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The Guitar
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About the Author

Chris Gibson is professor of geography at the University of Wollongong, Australia. Andrew Warren is senior lecturer in economic geography at the University of Wollongong, Australia. They are coauthors of Surfing Places, Surfboard Makers: Craft, Creativity and Cultural Heritage in Hawai'i, California, and Australia.

Reviews

"The Guitar has everything necessary to become a classic in more than one discipline... of interest to those who want to know what a continuous hunger for six strings demands from nature and how it promotes certain supply chains worldwide." * popcultureshelf.com *
"How old is a guitar? Did its life begin in the hands of the player, in the workshop or the factory, in the sourcing of its wood, or in the forests from which it came, with their majestic, centuries-old trees? In an exhilarating round-the-world journey, Gibson and Warren follow the trail of this most eloquent of instruments to its arboreal roots. Full of colorful characters, it's a story that will keep you on edge of your seat."
-- Tim Ingold, University of Aberdeen
"The book integrates cultural practices and environmental issues of profound importance. It will have a vast appeal to those who, like myself, buy, use, and love guitars. Beautifully written, jargon-free, clear, and vivid. Brilliant!" -- Doug Harper, Duquesne University
"At a time when our world faces increasing global crises, Gibson and Warren trace guitars back to their trees to offer the first sustained example of how to rethink commodity chains as chains of care. Through rich, multisited ethnographic research, they show how people across the Global North and Global South attempt to sustain each other and their skilled handcraft industry by caring for the trees and the forests, by caring for one another along with everyone in the chain, and by caring for trees they will never, as individuals, live to see become guitars-in order that someone else someday can. Richly researched and compellingly crafted, this book stands as a model for the creative soul of geographical scholarship."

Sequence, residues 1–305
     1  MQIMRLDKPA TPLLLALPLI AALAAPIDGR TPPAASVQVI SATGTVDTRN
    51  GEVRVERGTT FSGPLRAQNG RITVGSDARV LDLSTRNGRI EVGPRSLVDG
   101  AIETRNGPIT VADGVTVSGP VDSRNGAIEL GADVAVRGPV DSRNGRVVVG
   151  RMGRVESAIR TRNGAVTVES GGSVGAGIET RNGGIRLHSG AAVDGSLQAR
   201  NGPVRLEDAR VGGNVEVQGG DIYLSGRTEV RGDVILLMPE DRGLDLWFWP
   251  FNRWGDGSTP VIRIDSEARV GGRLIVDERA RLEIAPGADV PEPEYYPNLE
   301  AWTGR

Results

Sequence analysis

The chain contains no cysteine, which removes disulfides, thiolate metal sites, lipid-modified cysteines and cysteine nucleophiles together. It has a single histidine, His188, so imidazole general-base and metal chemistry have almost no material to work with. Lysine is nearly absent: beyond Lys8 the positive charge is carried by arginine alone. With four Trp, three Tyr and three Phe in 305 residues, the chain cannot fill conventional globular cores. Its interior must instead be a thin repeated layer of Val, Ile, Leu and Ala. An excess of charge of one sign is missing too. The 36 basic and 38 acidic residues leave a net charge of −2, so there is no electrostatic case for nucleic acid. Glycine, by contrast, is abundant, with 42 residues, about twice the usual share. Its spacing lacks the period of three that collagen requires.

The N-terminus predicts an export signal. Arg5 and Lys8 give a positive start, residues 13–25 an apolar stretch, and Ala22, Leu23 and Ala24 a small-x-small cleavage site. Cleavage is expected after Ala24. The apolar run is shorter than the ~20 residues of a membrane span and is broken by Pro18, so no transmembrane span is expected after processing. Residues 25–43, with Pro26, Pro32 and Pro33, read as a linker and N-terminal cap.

-- Dydia DeLyser, California State University, Fullerton
"Every guitar maker, and player, should read it." -- Miles Jackson, CEO of Cole Clark
"How old is a guitar? Did its life begin in the hands of the player, in the workshop or the factory, in the sourcing of its wood, or in the forests from which it came with their majestic, centuries-old trees? In an exhilarating, round-the-world journey, Gibson and Warren follow the trail of this most eloquent of instruments to its arboreal roots. Full of colourful characters, it's a story that will keep you on edge of your seat." -- Tim Ingold, University of Aberdeen
"At a time when our world faces increasing global crises Gibson and Warren trace guitars back to their trees to offer the first sustained example of how to rethink commodity chains as chains of care. Through rich, multi-sited ethnographic research Gibson and Warren show how people across the Global North and Global South attempt to sustain each other and their skilled handcraft industry by caring for the trees and the forests, by caring for one other along with everyone in the chain, and by caring for trees they will never, as individuals, live to see become guitars-in order that someone else someday can. Richly researched and compellingly crafted, this book stands as a model for the creative soul of geographical scholarship." -- Dydia DeLyser, California State University, Fullerton
"The book integrates cultural practices and environmental issues of profound importance. It will have a vast appeal to those who, like myself, buy, use, and love guitars. Beautifully written, jargon-free, clear, and vivid. Brilliant!" -- Doug Harper, Duquesne University

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